Irish Examiner view: EV decision suggests Ireland's transport policies are in a muddle

Policymakers seem unsure which way to turn, given the plan to hike the cost of public electric vehicle charging 
Irish Examiner view: EV decision suggests Ireland's transport policies are in a muddle

The policy to increase the number of EVs on Irish roads is contradicted by the ESB’s plan for rolling increases in the public charging network. Stock picture: Denis Minihane

Plans for hefty increases in rates for public charging of electric cars, to put it at its most generous, appear to be counter-intuitive, and contribute to a general sense of muddle when it comes to transport policies, which are trammelled by a series of contradictory objectives and political ambitions.

We all know there’s a crisis in energy costs which is unlikely to go away soon. Electric vehicles (EVs), the green alternative, rely on power created by fossil fuels, and the core battery technology also falls short in its eco credentials.

But there is a major effort, which will almost certainly fail at current rates of take-up, to place 1m EVs on Irish roads by 2030. How this will be encouraged by ESB’s plan for rolling increases in the public charging network — 53% in May, 52% due on December 20 — is impossible to discern. 

It drives a hole through the fundamental justification for buying an EV, the lower running costs compared to diesel or petrol vehicles, and distorts the payback time for the higher level of initial investment required. 

Those drivers, and there are many thousands, who don’t have access to home charging are vulnerable, trapped on the wrong end of a monopoly. Even the leaked new target for EV ownership, down a third to 650,000 by the end of this decade, looks over-ambitious.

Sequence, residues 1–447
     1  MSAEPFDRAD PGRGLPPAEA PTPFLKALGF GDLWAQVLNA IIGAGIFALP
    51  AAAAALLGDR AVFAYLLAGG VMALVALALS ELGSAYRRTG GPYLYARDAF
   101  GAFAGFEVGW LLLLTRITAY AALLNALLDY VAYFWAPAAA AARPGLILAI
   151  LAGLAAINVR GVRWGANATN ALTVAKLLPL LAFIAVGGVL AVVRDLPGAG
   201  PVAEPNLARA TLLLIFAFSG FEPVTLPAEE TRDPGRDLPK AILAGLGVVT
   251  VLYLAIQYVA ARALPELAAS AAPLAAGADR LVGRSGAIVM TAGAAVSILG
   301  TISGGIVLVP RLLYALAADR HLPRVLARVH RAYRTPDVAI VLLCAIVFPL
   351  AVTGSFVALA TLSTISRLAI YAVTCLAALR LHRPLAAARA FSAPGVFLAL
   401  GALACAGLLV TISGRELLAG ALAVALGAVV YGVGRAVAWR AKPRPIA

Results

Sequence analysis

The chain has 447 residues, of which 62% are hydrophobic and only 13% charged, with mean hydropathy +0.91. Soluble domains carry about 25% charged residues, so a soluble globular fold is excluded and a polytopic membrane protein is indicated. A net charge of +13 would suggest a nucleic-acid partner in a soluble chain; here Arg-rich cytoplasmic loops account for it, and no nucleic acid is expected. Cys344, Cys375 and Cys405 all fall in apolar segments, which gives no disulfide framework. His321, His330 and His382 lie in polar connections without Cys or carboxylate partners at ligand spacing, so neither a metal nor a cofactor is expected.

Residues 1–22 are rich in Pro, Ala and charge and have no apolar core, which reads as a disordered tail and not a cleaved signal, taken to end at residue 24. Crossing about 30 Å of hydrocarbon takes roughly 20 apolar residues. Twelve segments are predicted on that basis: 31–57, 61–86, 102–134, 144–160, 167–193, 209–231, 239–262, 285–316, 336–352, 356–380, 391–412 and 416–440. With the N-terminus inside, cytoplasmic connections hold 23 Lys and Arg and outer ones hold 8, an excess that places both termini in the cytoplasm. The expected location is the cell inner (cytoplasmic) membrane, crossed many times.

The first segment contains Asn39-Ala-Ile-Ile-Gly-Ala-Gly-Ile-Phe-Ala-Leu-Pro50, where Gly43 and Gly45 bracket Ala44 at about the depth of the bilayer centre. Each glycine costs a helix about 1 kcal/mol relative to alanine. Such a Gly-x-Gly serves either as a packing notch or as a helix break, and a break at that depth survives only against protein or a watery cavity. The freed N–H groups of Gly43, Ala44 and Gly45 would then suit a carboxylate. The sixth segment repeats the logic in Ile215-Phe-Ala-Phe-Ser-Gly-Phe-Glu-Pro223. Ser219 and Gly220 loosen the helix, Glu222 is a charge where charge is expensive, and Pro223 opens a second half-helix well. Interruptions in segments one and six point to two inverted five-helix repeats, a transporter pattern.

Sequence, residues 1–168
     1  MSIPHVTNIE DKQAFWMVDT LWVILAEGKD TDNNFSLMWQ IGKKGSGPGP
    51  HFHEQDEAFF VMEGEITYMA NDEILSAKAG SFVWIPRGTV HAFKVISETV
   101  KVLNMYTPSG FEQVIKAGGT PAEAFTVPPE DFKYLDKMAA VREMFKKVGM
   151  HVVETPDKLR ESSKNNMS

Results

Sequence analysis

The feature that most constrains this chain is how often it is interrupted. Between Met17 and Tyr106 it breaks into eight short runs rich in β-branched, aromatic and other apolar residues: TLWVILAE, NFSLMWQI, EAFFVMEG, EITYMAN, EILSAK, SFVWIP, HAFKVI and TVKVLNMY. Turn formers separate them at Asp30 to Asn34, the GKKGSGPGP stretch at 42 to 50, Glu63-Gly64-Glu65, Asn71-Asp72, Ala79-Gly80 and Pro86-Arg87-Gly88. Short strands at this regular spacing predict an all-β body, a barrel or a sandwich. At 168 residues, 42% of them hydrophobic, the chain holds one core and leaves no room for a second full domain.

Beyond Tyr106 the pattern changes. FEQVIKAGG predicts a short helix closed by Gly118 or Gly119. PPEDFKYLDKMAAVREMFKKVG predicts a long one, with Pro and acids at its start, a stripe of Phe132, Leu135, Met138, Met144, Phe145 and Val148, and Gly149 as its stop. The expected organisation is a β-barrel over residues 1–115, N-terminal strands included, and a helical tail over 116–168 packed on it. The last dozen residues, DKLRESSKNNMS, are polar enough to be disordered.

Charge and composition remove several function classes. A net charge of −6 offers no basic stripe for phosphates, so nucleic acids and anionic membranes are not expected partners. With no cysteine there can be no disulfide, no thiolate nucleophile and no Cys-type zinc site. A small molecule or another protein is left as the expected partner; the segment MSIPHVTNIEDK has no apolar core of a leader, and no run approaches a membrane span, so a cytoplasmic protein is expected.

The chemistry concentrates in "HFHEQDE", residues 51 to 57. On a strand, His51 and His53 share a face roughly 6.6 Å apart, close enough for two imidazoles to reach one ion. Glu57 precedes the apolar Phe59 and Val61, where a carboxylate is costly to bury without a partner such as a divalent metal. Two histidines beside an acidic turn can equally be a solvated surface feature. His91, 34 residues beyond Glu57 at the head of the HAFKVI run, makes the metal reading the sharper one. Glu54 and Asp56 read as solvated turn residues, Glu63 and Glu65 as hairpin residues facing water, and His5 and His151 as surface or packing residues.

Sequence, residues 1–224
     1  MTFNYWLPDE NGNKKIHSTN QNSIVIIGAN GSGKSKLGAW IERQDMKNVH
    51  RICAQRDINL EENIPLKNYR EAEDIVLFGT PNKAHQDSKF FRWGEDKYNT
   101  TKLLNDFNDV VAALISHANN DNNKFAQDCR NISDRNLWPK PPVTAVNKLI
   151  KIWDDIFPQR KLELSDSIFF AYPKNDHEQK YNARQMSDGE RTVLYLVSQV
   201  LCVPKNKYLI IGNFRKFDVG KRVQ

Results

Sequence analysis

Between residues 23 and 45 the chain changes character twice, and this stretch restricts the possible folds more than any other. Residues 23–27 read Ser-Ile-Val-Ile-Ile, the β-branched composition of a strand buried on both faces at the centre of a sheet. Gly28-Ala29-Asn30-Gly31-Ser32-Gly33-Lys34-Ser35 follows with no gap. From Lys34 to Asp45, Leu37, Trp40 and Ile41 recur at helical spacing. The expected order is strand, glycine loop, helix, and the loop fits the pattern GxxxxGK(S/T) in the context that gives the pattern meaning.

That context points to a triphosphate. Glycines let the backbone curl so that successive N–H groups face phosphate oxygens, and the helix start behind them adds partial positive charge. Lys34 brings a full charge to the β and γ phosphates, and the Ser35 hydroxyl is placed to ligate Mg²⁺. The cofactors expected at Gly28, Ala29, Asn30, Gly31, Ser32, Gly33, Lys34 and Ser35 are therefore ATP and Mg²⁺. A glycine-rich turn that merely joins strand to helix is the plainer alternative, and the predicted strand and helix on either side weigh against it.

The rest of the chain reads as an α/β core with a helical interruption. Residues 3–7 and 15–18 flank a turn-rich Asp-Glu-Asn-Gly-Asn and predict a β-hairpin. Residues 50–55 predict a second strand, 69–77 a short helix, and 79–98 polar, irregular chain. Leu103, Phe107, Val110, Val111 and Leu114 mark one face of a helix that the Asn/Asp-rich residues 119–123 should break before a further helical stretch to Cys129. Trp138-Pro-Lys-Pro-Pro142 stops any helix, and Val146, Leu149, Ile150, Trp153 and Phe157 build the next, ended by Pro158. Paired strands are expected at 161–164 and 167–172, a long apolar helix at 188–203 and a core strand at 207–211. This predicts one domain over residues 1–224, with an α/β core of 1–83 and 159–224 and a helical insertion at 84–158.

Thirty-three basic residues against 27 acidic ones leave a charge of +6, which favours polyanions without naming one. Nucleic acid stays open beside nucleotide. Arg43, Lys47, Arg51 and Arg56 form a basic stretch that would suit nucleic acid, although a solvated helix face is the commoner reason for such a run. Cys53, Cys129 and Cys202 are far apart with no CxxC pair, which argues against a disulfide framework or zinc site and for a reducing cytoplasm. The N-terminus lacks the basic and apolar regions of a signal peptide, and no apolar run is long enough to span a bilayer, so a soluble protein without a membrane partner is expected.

The position the Government finds itself in — promoting a significant change in consumer behaviour but doing very little to support it — is characteristic of its ambivalent and confused attitude towards the place of the private motor car in society. 

While it wants to oversee a huge increase in the bus network, implement growth in “active travelling” (that’s walking and cycling to the rest of us) and usher in an era of green alternatives to improve air quality and help reduce global warming, it has many miles to travel to persuade citizens that “four wheels are bad and two legs are good”, to commandeer and update a phrase from George Orwell. 

However, Nissan Ireland’s chief, the straight-talking Cork man James McCarthy, warns that environment minister Eamon Ryan is living a “pipe-dream” if he believes lower emissions will be achieved by lessening dependence on cars by substituting encouragement to use public transport, walk, or cycle.

This is not what strategists and planners want to hear and no one should underestimate the zeal they possess in reining back the influence of the internal combustion engine. But their efforts are likely to be further hindered by news that the Government is set to miss its deadlines for the greater use of traffic cameras, regarded as a fundamental first step in influencing driver behaviour on speeding, the illegal use of bus lanes, parking, and traffic light discipline.

It is the wide network of such devices which has facilitated congestion charging, and the implementation of the low emission zones in London, which now threaten to cover the whole of the capital. The next iteration of that technology is going to herald an era of individual road pricing.

Drivers may not yet fully appreciate what is coming down the highway in the next decade, but there are plenty of warning signs to consider. It will not be popular and may become politically toxic. That’s when the rubber will meet the road.

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